The report, E-Business Leaders Survey 2000, shows that the average e-business leader is aged 38, and is quite willing to sacrifice corporate perks in order to start a new business in a dynamic sector. E-business leaders are less likely to have their own office or PA and are more likely to travel economy or with “no frills” airlines. They do not necessarily rebel against traditional rules of business – 88% of respondents felt casual dressing was not appropriate for important meetings and the majority of those interviewed worked extremely long hours and had little time for socialising.
“Despite the well-publicised failures of some dotcoms recently, it would be a mistake to underestimate them,” said Alan Buckle, chief executive of KPMG Consulting UK. “This survey shows that dotcom leaders have huge energy, drive and understanding of how the Internet is already changing business. Traditional leaders have a lot to learn from this new generation and ignore them at their peril.”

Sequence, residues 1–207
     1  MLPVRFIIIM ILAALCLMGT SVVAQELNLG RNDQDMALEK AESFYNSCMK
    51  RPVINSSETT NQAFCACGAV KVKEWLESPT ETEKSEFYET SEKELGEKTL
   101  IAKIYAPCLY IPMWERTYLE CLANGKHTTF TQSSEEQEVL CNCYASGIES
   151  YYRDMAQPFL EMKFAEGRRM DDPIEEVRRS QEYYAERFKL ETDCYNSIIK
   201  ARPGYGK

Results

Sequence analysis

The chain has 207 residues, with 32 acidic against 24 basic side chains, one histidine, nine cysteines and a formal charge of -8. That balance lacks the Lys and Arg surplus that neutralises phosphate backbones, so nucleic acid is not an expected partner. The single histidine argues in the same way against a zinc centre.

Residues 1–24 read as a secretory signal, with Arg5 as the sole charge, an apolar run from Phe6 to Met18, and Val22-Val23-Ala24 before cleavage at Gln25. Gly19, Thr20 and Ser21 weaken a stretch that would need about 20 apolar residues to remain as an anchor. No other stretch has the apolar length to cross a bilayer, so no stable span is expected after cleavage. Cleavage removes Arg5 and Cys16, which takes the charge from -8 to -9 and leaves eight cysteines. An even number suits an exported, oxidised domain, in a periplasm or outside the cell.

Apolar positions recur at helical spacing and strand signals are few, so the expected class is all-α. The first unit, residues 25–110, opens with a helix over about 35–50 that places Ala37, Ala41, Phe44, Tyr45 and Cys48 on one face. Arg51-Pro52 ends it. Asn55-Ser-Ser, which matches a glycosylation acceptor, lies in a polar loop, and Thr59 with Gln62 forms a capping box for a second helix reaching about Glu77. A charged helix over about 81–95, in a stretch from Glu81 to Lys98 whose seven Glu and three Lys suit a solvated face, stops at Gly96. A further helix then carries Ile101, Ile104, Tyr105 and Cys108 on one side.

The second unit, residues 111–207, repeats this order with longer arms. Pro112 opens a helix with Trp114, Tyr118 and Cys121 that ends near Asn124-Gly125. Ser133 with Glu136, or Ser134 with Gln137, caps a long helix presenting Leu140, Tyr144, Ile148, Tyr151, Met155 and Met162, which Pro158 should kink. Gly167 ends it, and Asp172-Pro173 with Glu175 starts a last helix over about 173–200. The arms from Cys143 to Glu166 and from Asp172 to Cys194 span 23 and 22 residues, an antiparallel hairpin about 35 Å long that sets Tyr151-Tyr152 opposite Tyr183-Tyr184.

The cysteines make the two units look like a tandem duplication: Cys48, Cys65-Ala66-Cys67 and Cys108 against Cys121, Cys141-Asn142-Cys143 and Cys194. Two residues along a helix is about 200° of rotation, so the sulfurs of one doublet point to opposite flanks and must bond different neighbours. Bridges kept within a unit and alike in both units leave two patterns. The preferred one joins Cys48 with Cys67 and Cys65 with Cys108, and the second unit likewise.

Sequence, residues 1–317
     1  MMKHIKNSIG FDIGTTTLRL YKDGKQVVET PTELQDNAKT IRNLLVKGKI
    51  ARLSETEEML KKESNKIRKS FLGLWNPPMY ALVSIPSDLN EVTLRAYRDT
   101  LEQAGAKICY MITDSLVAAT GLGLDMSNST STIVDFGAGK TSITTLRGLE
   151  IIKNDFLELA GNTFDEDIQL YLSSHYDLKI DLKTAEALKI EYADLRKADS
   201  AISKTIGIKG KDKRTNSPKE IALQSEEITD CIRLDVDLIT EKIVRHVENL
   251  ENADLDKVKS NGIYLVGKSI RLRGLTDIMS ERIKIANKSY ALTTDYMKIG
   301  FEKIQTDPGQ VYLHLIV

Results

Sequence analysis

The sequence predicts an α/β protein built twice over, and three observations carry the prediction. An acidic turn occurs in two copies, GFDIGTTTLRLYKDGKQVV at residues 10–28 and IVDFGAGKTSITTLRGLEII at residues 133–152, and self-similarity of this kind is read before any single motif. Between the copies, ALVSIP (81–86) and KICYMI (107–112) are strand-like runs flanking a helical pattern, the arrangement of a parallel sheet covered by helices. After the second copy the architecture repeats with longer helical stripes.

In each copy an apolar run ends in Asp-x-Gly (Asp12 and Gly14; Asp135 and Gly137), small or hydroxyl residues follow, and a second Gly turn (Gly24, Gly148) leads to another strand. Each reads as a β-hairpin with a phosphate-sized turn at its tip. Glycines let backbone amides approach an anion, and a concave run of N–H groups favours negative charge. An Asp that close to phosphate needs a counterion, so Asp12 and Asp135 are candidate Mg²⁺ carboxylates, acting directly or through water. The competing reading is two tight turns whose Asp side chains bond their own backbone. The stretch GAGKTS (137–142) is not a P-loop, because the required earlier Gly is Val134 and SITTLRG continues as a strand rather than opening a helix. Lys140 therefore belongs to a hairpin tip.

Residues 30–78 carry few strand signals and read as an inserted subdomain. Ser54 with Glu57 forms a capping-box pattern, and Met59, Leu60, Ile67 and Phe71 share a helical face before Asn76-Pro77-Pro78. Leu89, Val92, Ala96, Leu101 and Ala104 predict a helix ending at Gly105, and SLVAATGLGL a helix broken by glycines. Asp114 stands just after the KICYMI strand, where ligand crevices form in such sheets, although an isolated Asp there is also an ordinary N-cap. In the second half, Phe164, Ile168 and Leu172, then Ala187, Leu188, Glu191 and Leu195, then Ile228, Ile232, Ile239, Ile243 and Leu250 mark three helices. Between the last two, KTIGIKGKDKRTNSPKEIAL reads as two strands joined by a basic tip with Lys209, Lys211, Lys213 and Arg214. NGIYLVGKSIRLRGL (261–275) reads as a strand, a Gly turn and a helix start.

Dotcom directors differ most noticeably from their counterparts in “old world” businesses in a number of important areas, particularly in how they work on a day-to-day basis. Typically, Internet business leaders start work later, continue until well into the evening, and often work seven days a week. Many dotcom leaders are in it for the long haul, with one in seven still expecting to be working when they are 70. When it comes to dreams, dotcom directors have their heads firmly in the clouds – the most popular alternative career for this group is a pilot, while they would ideally like to drive a fashionable Audi TT.
But the survey quashes the notion that traditional business leaders are ageing technophobes. Their average age is 46 and they use the Internet both at work and at home, to gather information and buy online.
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